Fei Wang - better known as Mr Slowboy - talks us through his artistic and sartorial inspirations, and discusses the nature of tradition, the resurgence in fashion illustration, and making a living doing what you love.
Mr Slowboy first came to our attention through Instagram back in the early days of 2016. We really loved what we saw; the wit, the skill of his artwork and his modern take on fashion illustration. We couldn’t help himself, and thus reached out to Fei Wang; the talented artist behind the Slowboy moniker. We asked if Slowboy might be interested in collaborating with Goods on something fun for the store. We’re so delighted that he said yes and his drawings have been on the walls of the store, in our windows and on our postcards ever since. What he ended up creating for us was pure magic; a triptych of Hannes, Kasper and Mark hanging out by Kasper’s old Volkswagen Beetle. Fei asked us about our interests and Hannes said music while Kasper answered food. Mark was off that day and so Kasper and Hannes decided to reveal Mark's only interest being chasing girls! Fei's drawing ended up perfectly visualising this trifecta, whilst also managing to depict us in some of our favourite items of clothing from the store. Suffice to say we love his work and hope to keep collaborating with Slowboy in the future!
So without further ado, here is the interview from Drake's:
I spent the previous 12 years making all sorts of advertisements in the creative department of an American ad agency in Beijing, while illustration was always my biggest hobby on the side. I have been interested in menswear since I was in college, and my focus shifted from street style to classic menswear and workwear. In June 2015, I started a personal blog on social media called ‘Slowboy’ to share my knowledge, experience and tips about men’s fashion through writing and illustration, which was well received by my colleagues and friends, who encouraged me to post stuff more frequently. Later in the year I moved to London to be reunited with my wife, and finally jumped off the boat and became a full-time menswear illustrator.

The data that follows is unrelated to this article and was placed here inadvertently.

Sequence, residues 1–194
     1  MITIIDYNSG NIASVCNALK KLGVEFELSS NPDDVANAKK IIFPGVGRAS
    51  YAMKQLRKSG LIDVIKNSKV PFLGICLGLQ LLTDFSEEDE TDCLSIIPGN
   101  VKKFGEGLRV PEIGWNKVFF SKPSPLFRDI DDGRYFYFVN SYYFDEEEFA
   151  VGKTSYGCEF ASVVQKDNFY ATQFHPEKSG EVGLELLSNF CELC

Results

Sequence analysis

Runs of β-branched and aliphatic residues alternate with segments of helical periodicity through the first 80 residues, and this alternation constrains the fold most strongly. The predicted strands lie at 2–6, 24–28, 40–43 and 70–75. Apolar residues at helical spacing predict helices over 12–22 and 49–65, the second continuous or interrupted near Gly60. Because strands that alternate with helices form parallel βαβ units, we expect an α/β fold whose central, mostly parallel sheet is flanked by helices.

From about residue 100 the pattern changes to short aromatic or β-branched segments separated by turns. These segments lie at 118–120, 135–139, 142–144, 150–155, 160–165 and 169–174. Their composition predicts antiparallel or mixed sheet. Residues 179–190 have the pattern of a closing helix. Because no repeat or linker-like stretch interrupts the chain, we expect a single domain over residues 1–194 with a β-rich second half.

The tide has changed direction towards traditional menswear over the past few years. I remember when I opened my account on Instagram in late November 2015, the first few posts only gained 10 or 20 likes, and just one month later I got my first commercial project from Lock & Co Hatters. I couldn’t really believe it when I received the message from their PR manager – they’re probably one of the best hatters in the world and have been in business for more than 250 years. I’m definitely lucky enough to have accelerated the reach of my illustrations with the power of the current ‘menswear boom’.
One of my favourite fashion artists, and a great influence on me, is Kazuo Hozumi. He invented a brand new visual language to depict men’s apparel, in a vivid, cute and light-hearted, yet iconic style. His work was nurtured by the distinctive Kawaii culture of Japan, and was revolutionary in a sense that changed the way people saw clothes. The iconic cartoonish round face, huge eyes and smiles are so lovable and well designed by using basic geometric shapes and simple clear lines. On one hand, these classic and systematic designs make his illustrations a perfect match to ‘traditional’ menswear which also has basic shapes and timeless designs, and on the other hand, the trend of making menswear less serious and more approachable echoes Hozumi-san’s artistic expressions.
It might sound cliché, but I see myself as a global citizen, though I don’t speak many languages, but I like mixing things together and blurring time and space. I’m really grateful for my background in advertising, it trained me to be very open to all kinds of resources of inspirations, and only create universal ideas applicable to everyone across the world regardless of ethnicities and cultures. At the end of the day, one’s artwork is just a reflection of one’s self.